On February 6, a SeaWorld San Diego rescue team recovered a sick sea lion pup who'd stranded herself in a local restaurant. They brought the frightene...
Maya Angelou once said, "I've learned that people will forget what you said, people will forget what you did, but people will never forget how you made them feel." That's why I love stories. Stories make people feel.
The unlucky orphans end up at Khululu, where the rhinos are raised and eventually released back into the wild in a program reminiscent of the wildly successful David Sheldrick elephant orphanage, in Kenya.
Wildlife was given a fighting chance in 2015. Several important actions taken this past year will have a positive effect on wildlife for years to come.
Last week hardwood flooring giant Lumber Liquidators pleaded guilty before a federal judge in Norfolk, Virginia for importing illegally sourced wood into the U.S. It is also a strong message that the United States intends to crack down on the illegal timber trade using the Lacey Act.
The hunting guides have refused to identify the elephant slayer, and he has not come forward to further rejoice his victory. Surely such a big brave game hunter full of bravado can't be afraid of a bunch of animal advocates, can he?
Something was taken from you, me, and all humanity last week. Africa's largest known elephant was shot in Zimbabwe by a trophy hunter, allegedly a German national.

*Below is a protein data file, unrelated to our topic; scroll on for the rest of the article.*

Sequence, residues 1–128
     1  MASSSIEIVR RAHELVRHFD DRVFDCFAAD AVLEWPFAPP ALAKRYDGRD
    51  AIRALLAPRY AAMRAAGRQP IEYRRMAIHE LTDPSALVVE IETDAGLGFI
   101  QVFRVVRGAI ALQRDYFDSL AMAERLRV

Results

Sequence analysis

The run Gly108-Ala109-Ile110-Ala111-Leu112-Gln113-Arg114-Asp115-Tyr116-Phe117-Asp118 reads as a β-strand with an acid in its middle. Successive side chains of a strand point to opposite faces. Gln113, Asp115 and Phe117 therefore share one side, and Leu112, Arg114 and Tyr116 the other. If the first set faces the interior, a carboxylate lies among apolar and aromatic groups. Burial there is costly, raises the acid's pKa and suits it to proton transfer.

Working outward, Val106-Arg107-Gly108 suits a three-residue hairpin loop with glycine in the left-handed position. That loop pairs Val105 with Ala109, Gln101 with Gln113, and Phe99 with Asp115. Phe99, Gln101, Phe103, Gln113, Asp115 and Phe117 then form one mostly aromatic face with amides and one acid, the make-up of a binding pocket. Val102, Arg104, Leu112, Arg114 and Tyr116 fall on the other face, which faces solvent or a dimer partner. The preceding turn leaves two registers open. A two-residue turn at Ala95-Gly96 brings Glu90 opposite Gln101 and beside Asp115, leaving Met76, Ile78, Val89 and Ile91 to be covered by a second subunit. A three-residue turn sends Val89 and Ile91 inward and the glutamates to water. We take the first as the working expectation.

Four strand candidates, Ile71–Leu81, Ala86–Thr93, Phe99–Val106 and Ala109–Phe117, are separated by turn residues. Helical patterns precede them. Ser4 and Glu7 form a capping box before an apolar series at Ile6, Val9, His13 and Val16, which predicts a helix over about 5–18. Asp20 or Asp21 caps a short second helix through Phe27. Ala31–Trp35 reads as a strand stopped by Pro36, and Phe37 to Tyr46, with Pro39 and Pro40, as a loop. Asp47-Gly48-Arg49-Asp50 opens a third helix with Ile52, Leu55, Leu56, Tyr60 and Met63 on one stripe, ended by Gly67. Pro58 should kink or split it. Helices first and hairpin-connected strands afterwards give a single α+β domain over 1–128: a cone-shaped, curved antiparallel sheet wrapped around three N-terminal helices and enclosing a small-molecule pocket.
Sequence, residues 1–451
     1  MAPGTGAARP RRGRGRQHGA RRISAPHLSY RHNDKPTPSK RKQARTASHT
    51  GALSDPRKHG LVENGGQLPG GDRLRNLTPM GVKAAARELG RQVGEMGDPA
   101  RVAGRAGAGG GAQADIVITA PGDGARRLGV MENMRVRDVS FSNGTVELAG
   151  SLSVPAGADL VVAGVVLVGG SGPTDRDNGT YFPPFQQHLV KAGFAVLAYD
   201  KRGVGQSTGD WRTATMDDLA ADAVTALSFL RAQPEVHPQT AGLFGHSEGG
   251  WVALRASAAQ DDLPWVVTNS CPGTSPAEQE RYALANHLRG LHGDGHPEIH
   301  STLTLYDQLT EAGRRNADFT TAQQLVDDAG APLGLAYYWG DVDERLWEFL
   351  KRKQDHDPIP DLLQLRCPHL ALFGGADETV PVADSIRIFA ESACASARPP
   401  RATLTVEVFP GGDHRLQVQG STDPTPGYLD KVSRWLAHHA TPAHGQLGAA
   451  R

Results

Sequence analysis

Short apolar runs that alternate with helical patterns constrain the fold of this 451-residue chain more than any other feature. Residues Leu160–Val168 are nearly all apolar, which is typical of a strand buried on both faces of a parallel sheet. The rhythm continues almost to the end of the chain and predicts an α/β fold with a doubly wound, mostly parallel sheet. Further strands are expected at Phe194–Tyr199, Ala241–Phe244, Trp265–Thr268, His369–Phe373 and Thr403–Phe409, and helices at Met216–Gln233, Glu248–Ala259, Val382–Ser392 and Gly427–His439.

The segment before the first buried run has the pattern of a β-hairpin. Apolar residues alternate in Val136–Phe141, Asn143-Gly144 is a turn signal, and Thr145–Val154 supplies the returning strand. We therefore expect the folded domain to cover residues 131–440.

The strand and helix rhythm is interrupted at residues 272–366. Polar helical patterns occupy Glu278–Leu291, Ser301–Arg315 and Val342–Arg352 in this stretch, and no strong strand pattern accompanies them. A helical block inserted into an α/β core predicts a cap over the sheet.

Rhino and lion numbers are either crashing or declining. No one today really thinks it's a good idea to slaughter animals, do they?
If the demand for ivory products is strong, then the demand to ban ivory trade and protect elephants must be stronger. For every consumer out there who feels compelled to buy rhino horn, there should be twice as many rhino advocates out there dispelling the dangerous myths and raising awareness.
While the poaching and the cruel slaughter of these iconic animals primarily occurs in Africa and Asia, this is our problem as well. The illegal wildlife trade has become the world's top five transnational organized crimes.
A dramatic rise in poaching, fueled by new demand from Asian markets, could bring the rest of the world's rhinos to extinction within a decade if we don't turn the tide.
Forget Trump and Carson and Hillary and Bernie for a few minutes. There's another vote happening right now: Help us name the only known jaguar in the United States.
Should crimes against the environment and animals be addressed by an international criminal code and prosecuted by an international tribunal, particularly if national courts are unwilling, unable or deemed inadequate?
I believe two of the litmus tests by which we can judge any society are to investigate both the ways in which societies treat their children, and the ways in which they treat animals. In some countries around the world, we have clear evidence of the poaching of animals for their body parts, such as tusks and as trophies.
Palmer was accompanied by his unpaid adviser, Minneapolis lawyer Joe Friedberg. I too am an attorney, and I have decided to become an unpaid consultant to the late Cecil the Lion. I will be his Dr. Doolittle and give him a voice in this interview.
Taking selfies, quack medical cures and collecting ornaments are all more important than protecting animals. A mounted head or showing off your wealth is apparently more valuable than a species threatened with extinction.